It’s a weird thing, but in this version of Catfish Stew I seem to have a hard time getting started writing these essays until I come up with a title. Once I have a title, it all flows from there. But if I don’t have a title, the words get stuck. I don’t know where to start, I don’t know where to go.
I don’t always stick with the title I start with. Sometimes I think I’m going to build the story around one metaphor, but then I discover a different one along the way that works better, and I change it.
The titles come from wherever a creative idea comes from: the subconscious output of the System 1 mind, taking in the disparate elements that I am trying to tie together– the game, the news of the day, what’s going on in my life, plus and perhaps most importantly, the emotions I’m feeling as a result of all of this.
So after a game, I kind of go around and let all this stuff stew together. Maybe I do the dishes, or go for a bike ride, or have a snack, and at some point while I’m doing this other thing that is not writing, my subconscious will assemble this data, find some pattern that connects these things, and a title will pop into my consciousness.
So today, I’m thinking about A’s losing the exact kind of game that they’ve been winning lately, and also the “scandal” of Fernando Tatis Jr. hitting a grand slam on a 3-0 pitch with a seven run lead, all while the Democratic National Convention was getting started. Somehow, the phrase “Don’t get cocky, kid” pops in my head, and I think, “Ooh, that could work, let’s go with that.”
That phrase is from Star Wars, the Original Film, or so I thought, until I googled it and found out that the real phrase that Harrison Ford actually uttered in the film is, “Great, kid! Don’t get cocky.” Which, IMO, doesn’t actually work as well as a title as the phrase that popped in my head. So the inaccuracy stands.
The phrase is, of course, a warning: that even though you may have had some success, that doesn’t mean you’ll have success the next time, or that any of this is going to be easy.
And that warning is why some old-school baseball types were mad at Tatis swinging on that 3-0 pitch. Of course, in that situation, you’re going to get an easy pitch to hit. Don’t think you’re hot stuff just because you hit an easy pitch.
But the phrase is also a warning in the other direction: just because you’ve had success in this game so far with a seven-run lead, don’t think the rest of the game is going to be that easy. I mean, did any of those people even pay the slightest attention to the A’s-Giants series this weekend? The A’s scored five runs in the ninth on Friday, four runs in the ninth on Saturday, and then had a nine-run fifth inning on Sunday. The A’s trailed in all of those games, but never, ever gave up, fought to the very end, and came back to win all three.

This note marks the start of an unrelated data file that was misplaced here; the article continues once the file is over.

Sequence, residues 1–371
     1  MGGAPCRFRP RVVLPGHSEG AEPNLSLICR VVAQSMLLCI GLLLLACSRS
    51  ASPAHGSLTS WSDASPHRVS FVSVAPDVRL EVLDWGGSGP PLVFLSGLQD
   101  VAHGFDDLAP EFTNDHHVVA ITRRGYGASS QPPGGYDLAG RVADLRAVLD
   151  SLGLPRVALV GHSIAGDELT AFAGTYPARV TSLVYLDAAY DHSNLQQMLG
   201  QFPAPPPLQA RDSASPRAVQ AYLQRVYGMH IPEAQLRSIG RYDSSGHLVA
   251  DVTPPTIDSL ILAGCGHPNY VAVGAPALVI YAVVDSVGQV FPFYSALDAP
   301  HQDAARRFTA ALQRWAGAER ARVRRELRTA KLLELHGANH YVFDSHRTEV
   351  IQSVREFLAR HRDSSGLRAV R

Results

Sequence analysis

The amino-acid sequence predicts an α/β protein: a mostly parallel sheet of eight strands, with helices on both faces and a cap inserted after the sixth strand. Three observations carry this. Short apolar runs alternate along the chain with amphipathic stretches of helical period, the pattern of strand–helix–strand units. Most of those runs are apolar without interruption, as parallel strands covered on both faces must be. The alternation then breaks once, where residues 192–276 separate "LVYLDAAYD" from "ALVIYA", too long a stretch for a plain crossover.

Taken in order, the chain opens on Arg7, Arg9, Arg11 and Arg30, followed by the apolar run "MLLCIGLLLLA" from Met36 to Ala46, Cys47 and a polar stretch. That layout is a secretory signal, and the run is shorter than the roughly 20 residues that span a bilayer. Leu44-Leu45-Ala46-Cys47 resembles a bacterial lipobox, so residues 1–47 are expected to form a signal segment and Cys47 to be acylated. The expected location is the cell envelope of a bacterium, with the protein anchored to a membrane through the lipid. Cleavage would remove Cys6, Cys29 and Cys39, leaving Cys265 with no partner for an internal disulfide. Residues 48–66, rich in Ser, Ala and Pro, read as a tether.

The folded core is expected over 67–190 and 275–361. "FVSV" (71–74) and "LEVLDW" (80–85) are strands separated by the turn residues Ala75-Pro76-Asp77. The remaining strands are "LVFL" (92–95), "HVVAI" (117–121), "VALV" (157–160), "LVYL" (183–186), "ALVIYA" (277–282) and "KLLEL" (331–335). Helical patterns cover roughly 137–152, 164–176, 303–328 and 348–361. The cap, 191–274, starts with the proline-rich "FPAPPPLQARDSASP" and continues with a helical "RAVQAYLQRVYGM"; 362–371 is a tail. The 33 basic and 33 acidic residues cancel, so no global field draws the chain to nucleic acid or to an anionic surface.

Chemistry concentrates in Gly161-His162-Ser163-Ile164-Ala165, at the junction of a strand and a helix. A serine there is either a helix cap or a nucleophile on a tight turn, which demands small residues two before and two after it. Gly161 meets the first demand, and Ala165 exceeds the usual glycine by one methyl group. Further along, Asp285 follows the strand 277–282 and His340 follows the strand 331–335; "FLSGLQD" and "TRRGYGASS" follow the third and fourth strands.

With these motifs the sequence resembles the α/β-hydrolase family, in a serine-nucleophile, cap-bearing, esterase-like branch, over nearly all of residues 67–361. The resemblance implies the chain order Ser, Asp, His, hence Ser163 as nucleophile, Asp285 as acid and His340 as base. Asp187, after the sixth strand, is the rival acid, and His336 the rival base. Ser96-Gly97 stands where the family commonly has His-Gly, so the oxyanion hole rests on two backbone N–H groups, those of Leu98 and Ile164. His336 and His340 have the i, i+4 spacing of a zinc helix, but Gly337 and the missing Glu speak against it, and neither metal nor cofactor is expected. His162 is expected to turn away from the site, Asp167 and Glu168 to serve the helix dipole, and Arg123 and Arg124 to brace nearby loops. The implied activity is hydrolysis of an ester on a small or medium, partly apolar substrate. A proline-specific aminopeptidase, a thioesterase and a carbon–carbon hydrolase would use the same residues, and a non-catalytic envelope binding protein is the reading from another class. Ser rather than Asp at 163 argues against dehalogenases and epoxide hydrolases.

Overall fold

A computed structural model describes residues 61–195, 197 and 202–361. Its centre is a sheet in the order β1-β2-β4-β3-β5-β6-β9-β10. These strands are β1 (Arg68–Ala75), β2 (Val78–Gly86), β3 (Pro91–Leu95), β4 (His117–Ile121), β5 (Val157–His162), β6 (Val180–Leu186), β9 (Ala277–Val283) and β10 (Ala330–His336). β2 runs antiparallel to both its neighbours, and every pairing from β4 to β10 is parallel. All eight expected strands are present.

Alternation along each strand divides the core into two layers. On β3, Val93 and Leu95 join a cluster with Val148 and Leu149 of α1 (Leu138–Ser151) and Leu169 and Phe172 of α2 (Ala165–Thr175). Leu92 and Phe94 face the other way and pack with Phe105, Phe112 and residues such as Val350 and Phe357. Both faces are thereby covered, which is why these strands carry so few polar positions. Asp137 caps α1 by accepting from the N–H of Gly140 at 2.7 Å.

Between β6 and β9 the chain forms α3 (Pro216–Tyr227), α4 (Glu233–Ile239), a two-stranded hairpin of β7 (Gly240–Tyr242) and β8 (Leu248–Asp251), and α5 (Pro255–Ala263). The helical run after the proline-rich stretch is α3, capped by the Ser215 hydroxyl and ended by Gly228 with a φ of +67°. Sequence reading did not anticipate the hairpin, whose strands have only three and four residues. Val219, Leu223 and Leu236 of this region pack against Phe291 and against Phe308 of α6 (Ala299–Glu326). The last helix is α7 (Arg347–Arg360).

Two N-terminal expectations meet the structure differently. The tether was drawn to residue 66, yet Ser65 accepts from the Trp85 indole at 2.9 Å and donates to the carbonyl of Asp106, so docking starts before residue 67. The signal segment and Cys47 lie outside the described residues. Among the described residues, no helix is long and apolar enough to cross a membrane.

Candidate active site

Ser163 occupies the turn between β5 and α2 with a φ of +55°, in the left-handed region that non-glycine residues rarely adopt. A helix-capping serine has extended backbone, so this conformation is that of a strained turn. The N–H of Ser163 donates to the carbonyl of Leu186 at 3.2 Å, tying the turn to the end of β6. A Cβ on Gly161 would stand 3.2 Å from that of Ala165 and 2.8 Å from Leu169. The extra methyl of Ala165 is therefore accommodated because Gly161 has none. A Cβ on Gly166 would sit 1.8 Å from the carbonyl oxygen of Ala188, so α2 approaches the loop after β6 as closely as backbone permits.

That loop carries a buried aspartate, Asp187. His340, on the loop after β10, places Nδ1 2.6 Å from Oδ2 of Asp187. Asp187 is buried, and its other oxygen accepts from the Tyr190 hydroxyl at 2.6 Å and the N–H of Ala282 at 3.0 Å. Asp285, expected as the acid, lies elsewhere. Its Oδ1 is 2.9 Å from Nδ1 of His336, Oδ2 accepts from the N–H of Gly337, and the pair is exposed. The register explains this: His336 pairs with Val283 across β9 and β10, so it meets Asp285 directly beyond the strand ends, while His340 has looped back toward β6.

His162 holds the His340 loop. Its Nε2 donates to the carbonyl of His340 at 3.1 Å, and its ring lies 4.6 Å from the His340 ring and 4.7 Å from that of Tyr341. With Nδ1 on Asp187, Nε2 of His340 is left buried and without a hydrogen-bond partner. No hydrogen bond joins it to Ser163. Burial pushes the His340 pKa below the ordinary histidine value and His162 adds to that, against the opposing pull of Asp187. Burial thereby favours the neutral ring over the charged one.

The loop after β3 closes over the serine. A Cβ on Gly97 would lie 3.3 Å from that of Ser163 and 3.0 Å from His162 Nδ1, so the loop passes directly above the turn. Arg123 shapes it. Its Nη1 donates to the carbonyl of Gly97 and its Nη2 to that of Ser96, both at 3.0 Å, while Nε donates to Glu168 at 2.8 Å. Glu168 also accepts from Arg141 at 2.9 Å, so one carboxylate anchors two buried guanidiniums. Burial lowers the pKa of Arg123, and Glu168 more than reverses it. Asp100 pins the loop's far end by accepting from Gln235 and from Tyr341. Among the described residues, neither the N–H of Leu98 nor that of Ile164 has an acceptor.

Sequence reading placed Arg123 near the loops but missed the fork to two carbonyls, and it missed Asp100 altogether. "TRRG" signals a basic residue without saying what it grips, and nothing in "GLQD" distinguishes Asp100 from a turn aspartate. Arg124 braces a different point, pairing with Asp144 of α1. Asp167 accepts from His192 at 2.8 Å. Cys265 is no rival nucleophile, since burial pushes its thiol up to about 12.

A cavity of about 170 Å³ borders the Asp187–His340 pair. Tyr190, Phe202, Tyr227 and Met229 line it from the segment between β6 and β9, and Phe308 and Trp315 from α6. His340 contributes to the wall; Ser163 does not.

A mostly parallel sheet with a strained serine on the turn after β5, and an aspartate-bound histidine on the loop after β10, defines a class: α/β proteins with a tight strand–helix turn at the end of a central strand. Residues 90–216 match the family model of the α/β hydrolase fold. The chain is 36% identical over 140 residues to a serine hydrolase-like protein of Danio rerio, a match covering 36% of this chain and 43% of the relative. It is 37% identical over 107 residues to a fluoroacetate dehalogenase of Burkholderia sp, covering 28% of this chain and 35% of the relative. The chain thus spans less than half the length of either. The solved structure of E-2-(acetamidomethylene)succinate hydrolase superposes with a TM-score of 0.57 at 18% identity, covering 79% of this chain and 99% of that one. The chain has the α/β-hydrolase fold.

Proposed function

So why should Tatis and the Padres assume the game is locked up? What is wrong with the Rangers that they assumed they’ve already lost?
The A’s, by the way, fell behind 3-0 to the Diamondbacks yesterday. They were no-hit for five innings by Zac Gallen, who was absolutely brilliant. I’d never seen the guy pitch before, but I have to assume from this performance that he is an up-and-coming star. His changeup was simply amazing all day long, dancing along the bottom of the strike zone, sometimes just barely in the zone, sometimes dipping below it, keeping the A’s hitters mesmerized all evening long. Robbie Grossman managed to connect with one of his pitches for a solo homer, but other than that, the A’s did nothing against him.
But did the A’s give up? No, dammit! They fought to the very end. And when Gallen hit his pitch limit and the Diamondbacks bullpen took over, the A’s got to work. They immediately tied the game 3-3 thanks in part to a costly error by Nick Ahmed.
At one point during the game, Michelle Obama was giving her convention speech, so I switched the channel from the game to watch it. Her basic message was this: yes, our opponent sucks, yes, we have a big lead in the polls, but baseball is baseball, and politics is politics, and you can’t assume that your opponent will give up so you can’t assume any lead is safe. You have to do the hard work, every day, every play, to make sure you win that game.
In this game, however, it didn’t work out for the A’s. Arizona scratched out a run in the bottom of the ninth to beat the A’s 4-3. But even though the A’s lost, the fact that they came back to tie the game even against probably the best pitching performance against them all year, is a warning to the rest of baseball: never get cocky about any lead you have against the 2020 Oakland A’s.